Salt Lake-area recruiters say hostilities in the Persian Gulf may be linked to an increase in recruiting activity during the past several weeks.
But they are quick to point out that they're not taking everybody who walks through the door. A number of factors plays into whether new recruits will participate in Operation Desert Storm."We do have some joining for pure patriotic reasons - more than usual," said Marine Corps Sgt. Corky Chambers. The day the air strikes began against Iraq, "We had three or four phone calls from kids who had talked to recruiters in the past who said: `I want to go right now. What have I got to do?' "
Such feelings of urgency are put on a slower track as the potential recruit is screened for qualifications, which include a high school diploma in most cases, and familiarized with the Marine Corps' boot camp schedule. "Any kid we put in today would not see any kind of action for a year, unless he went to boot camp next month. And if he enlists now he would probably go to boot camp in April or May," Chambers said.
"People don't enlist to go to the Middle East. They enlist for a school or an occupational specialty," said Army spokesman Bill Morris at the recruiting headquarters at Fort Douglas. "And not everybody who has expressed an interest has qualified for enlistment."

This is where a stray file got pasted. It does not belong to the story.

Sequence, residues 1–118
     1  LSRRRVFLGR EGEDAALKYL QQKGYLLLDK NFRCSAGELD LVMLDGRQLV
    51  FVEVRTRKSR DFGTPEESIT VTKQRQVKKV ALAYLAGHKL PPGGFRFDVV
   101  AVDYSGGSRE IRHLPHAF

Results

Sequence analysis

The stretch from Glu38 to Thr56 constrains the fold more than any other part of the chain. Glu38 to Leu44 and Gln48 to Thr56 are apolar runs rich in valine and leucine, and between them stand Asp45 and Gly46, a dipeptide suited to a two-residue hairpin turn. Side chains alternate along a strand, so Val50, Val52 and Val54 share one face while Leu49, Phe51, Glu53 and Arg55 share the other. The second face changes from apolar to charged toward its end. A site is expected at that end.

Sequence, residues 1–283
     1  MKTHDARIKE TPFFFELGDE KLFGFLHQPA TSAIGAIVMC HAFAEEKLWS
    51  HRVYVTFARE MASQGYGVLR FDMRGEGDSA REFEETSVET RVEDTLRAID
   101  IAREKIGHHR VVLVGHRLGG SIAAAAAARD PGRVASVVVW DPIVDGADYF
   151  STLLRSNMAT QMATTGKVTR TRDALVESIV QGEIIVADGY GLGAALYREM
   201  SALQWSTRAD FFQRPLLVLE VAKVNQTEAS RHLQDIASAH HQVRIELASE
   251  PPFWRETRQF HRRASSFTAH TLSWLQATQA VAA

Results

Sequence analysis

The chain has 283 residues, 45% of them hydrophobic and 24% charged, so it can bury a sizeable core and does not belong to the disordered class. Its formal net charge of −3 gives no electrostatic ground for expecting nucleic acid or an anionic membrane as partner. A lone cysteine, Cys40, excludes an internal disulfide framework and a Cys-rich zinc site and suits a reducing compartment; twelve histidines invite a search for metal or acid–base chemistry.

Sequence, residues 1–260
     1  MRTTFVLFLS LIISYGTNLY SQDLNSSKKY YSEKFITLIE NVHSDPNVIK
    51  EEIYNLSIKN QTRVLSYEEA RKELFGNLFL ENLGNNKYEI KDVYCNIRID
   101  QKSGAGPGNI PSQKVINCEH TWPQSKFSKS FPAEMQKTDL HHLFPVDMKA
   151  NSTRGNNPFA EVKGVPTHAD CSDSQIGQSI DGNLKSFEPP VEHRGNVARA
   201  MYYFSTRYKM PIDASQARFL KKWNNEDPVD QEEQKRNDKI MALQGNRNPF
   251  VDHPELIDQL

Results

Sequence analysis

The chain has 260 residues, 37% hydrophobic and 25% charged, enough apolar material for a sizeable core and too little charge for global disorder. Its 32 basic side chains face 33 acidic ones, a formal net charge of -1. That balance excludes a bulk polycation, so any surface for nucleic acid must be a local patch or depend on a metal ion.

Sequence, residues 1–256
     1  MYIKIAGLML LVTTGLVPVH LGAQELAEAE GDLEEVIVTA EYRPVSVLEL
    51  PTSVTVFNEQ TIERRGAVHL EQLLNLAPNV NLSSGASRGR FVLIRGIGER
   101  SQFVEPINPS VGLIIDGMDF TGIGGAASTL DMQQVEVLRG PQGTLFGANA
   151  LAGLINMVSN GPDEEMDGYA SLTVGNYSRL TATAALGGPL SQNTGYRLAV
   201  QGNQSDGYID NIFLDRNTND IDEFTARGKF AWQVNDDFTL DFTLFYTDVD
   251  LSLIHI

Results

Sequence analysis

About 60 people asked to join the Utah Army National Guard's 700-member 1457th Engineer Battalion as soon as word hit the street that the group had been called to active duty. Half of those were enlisted in the battalion and shipped out with the group to Fort Lewis, Wash., Jan. 28.
Of those who got left behind, some were not enlisted because they failed to meet entrance requirements while others weren't taken simply because there wasn't enough time to take care of the paperwork before the battalion left, said Utah Army National Guard recruiter Capt. Ted Frandsen.
Those quick-to-go entrants in the National Guard had served with the Guard previously, which helped ease their processing even though prior service records have actually kept others out of the military.
Some former Reserve component members are kept from returning if their age and the time of their previous service would make it impossible for them to accumulate a total of 20 years service by age 60. Others are kept out because restrictive "re-enlistment codes" indicating problems or undesirable traits the soldier exhibited during prior military service.